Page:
He said, “So, Candy, what’s a pretty little thing like you doin’ at a dive like The Bottoms Up bar?”

“It’s Brandy,” I corrected him. That was the second time he got my name wrong after I’d already told him once inside and again when we walked to his truck.

“Yeah, right. Like brandy the drink, not Candy the … cane. You know, at Christmastime.” He laughed a little and scrunched his face up weird, maybe trying to be sexy but failing miserably. I just nodded and watched the headlights stake out the route in front of us.

We passed the east side city limits sign en route to his little country house. A turn onto gravel and then several lefts and rights followed before we finally arrived. I didn’t remember having been that far out in the boonies before.

I looked toward the horizon when we got there and parked in the driveway, trying to get a sense of the direction back to town and hoping not to need to know. A rickety step gave under our weight as we stepped onto the porch, and the screen door creaked so loud I thought it might fall off the hinges as he opened it.

“It ain’t much, but it’s mine,” Trevor said. He crossed the threshold into a dimly lit living room with dirty hardwood floors. Scuff marks made me think a Great Dane or similar monstrosity might charge out of a backroom. “Make yourself at home.”

He got me a PBR and about drank his own in one swallow after we sat down on a sagging couch. The tweed fabric scratched the back of my legs as he wrapped his arms around my shoulders to pull me toward him. I noticed lines of chewing tobacco between the straight, white teeth of the mouth moving forward to engulf my own. After a long, saliva-filled kiss that I hoped was clear instead of Copenhagen brown, he got up and half-stumbled backward toward a hallway.

“Gotta take a piss,” he said. “Be right back.” He tried the pathetic wink again. I hate when people do that. Reminds me of Uncle Thurman who wore plaid pants and sold used cars at a lot over in Summitville when I was a kid.

Considering my bad choices that evening, I figured lots worse could happen besides a slobber-crusted kiss. After a swallow of beer to wash away tobacco taste lingering in my mouth, I opened the door as carefully as possible to not give myself away as I slipped into the darkness. Damp grass soaked my Keds when I sprinted across the yard and onto the lane. A half moon overhead spilled just enough light to show me the way.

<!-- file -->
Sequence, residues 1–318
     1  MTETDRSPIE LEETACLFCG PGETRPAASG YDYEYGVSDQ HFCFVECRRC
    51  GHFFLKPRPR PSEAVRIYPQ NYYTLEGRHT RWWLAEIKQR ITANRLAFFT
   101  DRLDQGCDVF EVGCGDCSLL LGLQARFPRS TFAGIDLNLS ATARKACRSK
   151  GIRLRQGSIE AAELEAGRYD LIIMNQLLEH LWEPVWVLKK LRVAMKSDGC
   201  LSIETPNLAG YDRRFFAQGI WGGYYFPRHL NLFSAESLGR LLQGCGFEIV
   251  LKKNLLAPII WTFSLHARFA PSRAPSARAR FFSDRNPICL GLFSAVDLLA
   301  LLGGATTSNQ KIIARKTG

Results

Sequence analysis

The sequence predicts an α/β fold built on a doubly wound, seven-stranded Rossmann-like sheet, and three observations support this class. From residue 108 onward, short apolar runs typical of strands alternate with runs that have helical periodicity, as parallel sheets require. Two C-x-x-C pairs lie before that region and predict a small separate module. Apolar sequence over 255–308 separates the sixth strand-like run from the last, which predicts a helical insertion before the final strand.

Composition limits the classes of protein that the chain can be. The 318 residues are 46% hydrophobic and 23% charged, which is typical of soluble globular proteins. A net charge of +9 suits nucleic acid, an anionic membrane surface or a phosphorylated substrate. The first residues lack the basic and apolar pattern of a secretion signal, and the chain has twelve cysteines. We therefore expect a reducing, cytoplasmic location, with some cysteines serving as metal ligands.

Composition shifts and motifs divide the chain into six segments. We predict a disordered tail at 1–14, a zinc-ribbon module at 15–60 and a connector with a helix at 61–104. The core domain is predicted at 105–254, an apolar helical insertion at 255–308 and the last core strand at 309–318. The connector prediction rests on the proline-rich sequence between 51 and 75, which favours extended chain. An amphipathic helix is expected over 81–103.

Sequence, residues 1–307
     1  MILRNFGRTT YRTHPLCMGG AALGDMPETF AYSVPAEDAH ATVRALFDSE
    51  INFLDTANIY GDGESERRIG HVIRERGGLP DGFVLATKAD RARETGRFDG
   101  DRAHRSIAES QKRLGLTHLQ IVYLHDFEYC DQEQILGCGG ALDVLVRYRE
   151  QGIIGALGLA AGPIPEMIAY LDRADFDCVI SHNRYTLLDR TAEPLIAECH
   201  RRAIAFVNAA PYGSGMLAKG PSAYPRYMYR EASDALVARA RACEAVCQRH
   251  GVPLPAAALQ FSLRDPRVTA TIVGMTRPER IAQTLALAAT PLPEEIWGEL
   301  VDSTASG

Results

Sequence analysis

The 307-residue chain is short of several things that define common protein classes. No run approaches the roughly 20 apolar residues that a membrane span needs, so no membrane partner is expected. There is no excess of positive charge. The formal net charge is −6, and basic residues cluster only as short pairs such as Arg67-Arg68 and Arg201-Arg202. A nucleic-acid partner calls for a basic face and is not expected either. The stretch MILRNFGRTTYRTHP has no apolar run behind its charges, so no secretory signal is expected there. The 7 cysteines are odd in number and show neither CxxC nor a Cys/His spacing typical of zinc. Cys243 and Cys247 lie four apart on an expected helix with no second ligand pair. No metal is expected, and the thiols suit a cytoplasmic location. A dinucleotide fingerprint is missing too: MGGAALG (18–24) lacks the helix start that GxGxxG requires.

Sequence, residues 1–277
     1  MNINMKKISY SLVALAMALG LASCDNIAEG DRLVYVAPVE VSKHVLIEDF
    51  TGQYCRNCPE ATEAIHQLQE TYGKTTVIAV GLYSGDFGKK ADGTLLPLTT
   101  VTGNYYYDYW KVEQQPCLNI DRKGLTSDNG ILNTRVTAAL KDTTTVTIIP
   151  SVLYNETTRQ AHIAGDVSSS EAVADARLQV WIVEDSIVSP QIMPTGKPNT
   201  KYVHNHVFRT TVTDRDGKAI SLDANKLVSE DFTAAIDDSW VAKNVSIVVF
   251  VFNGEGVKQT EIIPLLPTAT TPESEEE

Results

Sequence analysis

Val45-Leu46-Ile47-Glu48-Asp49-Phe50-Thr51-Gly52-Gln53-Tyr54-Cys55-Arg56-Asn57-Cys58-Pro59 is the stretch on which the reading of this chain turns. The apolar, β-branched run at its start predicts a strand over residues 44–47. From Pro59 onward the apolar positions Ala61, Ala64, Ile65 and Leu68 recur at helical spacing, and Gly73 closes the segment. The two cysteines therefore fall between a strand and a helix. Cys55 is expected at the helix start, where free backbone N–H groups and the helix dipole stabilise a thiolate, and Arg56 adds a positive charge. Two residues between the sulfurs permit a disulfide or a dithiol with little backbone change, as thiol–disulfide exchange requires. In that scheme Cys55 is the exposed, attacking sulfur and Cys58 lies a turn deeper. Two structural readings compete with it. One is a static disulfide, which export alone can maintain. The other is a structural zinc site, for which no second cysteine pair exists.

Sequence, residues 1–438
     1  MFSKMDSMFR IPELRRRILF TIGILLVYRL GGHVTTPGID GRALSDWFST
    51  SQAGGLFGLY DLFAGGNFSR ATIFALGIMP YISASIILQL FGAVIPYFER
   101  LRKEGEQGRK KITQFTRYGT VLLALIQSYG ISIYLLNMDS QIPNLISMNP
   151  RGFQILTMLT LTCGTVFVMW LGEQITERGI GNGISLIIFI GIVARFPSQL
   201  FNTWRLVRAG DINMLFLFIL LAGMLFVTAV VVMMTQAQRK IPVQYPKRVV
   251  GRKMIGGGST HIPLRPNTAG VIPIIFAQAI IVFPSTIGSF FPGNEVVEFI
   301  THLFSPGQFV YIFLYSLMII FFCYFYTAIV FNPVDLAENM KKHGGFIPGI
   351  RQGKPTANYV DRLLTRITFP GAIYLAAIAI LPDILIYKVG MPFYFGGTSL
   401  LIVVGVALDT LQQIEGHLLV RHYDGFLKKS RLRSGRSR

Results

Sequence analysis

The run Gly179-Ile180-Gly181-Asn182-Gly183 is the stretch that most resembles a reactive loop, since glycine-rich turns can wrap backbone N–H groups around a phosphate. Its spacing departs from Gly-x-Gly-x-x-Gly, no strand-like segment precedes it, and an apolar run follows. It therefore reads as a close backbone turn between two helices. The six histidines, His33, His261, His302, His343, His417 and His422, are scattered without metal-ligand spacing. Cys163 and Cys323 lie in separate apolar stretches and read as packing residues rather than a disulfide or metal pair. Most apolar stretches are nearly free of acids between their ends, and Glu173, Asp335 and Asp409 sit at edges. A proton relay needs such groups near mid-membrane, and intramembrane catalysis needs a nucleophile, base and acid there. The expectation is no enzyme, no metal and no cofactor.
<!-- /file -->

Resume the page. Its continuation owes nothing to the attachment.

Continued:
I heard that door creak open and Travis holler behind me, “Hey, Candy! Where’d ya go?” Not daring to look back, I trudged on down the road with gravel crunching under my wet shoes.

Cutting across farmers’ fields to shortcut meant risking an electric fence in the pitch-black path or meeting a guard dog along the way, so I resigned myself to the road. I’d get back to town eventually if I just followed the telephone lines. It would just take a long damn time.

Hoping I was far enough away to not be heard, I mumbled, “How the hell do I get myself into this stuff? I need to find some other shit to do.”

If I didn’t laugh, I woulda cried. Maybe I’d get home by the time the sun came up.

***

Two Word Tuesday prompt at Our Write Side – boredom

Image: Brian Wilkins via Flickr

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On a Mission

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via Joseph on Flickr

The clash of pool balls smacking together greeted Eve as she opened the heavy door. She knew which direction to go when she heard the familiar sound. The room was dim with the limited illumination from glass-hooded lights above the tables, so it was hard to see through the thick haze of cigarette smoke that hovered all the way up to the ceiling. Eve stood just over four feet tall, short for her 12 years, so the gray cloud lingered right above her hairline. Bud Light placards and Nascar signs lined the dingy walls adorned with deer head trophies there so long the hair looked mangy and antlers colorless and whittled away with age.

She stomped slush off her feet and scanned the room for the man she searched for so many times before. Eve hoped to spot him from just inside the door so she’d escape before she had to talk to any of the smelly old men further within this pit they made their sanctum. Familiar grizzled faces at the bar turned to see who’d entered, but none were any more welcoming than her dad’s would have been. J.T. was nowhere to be seen, so she resigned herself to approach Rick where he stood behind the bar serving cheap drafts to the regulars.